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Moreover, the various names of the deities have literal meanings that can serve as descriptors as well as proper names. For instance, I found a listing of “108 Names of the Lord Jesus Christ in Sanskrit,” and was startled to see that one of them was “Mahavishnu”­–“Great Vishnu,” one of the so-called “Hindu trinity” of Shiva, Bramha and Vishnu. When I learned that “Vishnu” literally means “all-seeing,” it made sense.Similarly, I love to chant Om namo Bhagavate Vasudevaya because, in addition to being one of the names of Krishna, “Vasudeva” also means “shining one who dwells in all beings”­–which reminds me of the Prayerbook baptismal vow to “seek and serve Christ in all persons, loving your neighbor as yourself.”It is for these reasons that I am able to chant mantras addressed to Shiva and Kali without feeling that I am betraying the Judeo-Christian conception of God with which I was reared. But the question that plagued me was: what does it mean to invoke a deity with no independent personal existence?For a long time, my Christian scruples prompted me to compose music only for chant texts addressed to nirguna Brahman–the impersonal, non-specific Ground of Being: literally, “God without personal attributes.”  Sachidananda, or “Being-Knowledge-Bliss,” is one such nirgunadesignation. Only when I began to see the various deities as different aspects of God, as “father,” “husband,” “teacher,” “writer” and “musician” are different aspects of myself, did I feel freed to chant to Krishna, Durga and Ganesha–that is, to saguna Brahman, or “God with personal attributes.” After all, you cannot even see all of a human being at once, let alone all of God.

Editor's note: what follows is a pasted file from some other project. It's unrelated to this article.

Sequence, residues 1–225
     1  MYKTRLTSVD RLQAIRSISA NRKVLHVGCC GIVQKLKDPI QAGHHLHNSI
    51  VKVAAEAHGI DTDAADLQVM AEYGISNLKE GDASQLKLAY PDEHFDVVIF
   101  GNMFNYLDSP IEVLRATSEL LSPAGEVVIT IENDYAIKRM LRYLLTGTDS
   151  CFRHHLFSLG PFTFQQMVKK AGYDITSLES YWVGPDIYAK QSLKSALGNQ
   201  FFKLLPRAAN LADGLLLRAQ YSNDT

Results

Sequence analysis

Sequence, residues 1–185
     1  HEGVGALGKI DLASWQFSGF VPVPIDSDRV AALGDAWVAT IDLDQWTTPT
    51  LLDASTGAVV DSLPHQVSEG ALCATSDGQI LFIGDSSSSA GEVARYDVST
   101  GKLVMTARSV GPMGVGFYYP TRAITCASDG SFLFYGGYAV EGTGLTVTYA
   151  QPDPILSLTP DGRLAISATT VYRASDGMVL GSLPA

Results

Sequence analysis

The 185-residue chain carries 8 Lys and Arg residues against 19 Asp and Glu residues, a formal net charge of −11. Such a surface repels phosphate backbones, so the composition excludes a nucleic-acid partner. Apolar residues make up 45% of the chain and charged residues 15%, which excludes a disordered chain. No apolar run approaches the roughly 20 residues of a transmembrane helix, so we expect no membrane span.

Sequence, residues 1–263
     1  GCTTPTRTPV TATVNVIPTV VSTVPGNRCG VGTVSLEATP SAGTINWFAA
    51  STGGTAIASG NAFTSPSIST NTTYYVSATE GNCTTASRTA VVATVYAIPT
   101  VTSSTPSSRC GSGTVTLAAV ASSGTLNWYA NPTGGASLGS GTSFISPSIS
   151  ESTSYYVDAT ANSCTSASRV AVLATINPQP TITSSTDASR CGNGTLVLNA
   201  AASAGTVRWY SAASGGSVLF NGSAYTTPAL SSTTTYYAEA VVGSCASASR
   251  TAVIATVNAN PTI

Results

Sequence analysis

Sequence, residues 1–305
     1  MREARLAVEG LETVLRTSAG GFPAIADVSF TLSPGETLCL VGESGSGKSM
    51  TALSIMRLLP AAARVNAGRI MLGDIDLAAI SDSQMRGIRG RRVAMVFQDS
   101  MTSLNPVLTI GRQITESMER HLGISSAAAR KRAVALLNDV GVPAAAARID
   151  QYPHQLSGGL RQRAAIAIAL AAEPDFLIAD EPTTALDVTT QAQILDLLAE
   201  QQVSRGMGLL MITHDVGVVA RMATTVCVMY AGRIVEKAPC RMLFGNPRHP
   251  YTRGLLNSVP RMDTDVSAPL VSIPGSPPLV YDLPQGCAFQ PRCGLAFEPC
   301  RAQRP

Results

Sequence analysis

And however much we may parse and analyze them, we cannot denude these divine images of their power to speak to our souls. When I began to really hunger for the female image of God to which my upbringing did only lip-service, I made the mistake of “going to get one,” as Rabbit might have, rather than waiting, Pooh-like, for one to “come to me.” 

Saraswati
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Knowing myself to be an artist-scholar, I assumed that Saraswati–the goddess of learning, music and the arts–would speak to me. But contemplating this symbol of my old life left me unmoved. In fact, as I discovered once I stopped trying to impose an idea on my inner landscape and began to attend to my real responses, it is Kali, with her necklace of severed heads and her skirt of lopped-off arms, who really speaks to me. Devourer of the ego, destroyer of pretension, Kali is the one who calls bullshit on my habitual patterns of thought and action. In Jungian terms, she is the Dark One, the bearer of the “shadow” wherein creativity and power lie ready to be tapped into. Finally, in Kali is an image of a God to be meaningfully feared.
Kali
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“It is a terrible thing to fall into the hand of the living God,”(Hebrews 10:31) because it is God who tears out the heart of stone and gives the heart of flesh (Ezekiel 36:26). Or as C.S. Lewis put it, “What do people mean when they say, ‘I am not afraid of God because I know He is good’? Have they never even been to a dentist?”[iv]
Jesus and Krishna
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[i] Christian theology geeks may discern parallels between the Shankara/Ramanuja dispute and the Paul Tillich/Karl Barth dispute.[ii] Swami Tapasyananda, Bhakti Schools of Vedanta[iii] 1 John 2:16[iv] C.S. Lewis, A Grief Observed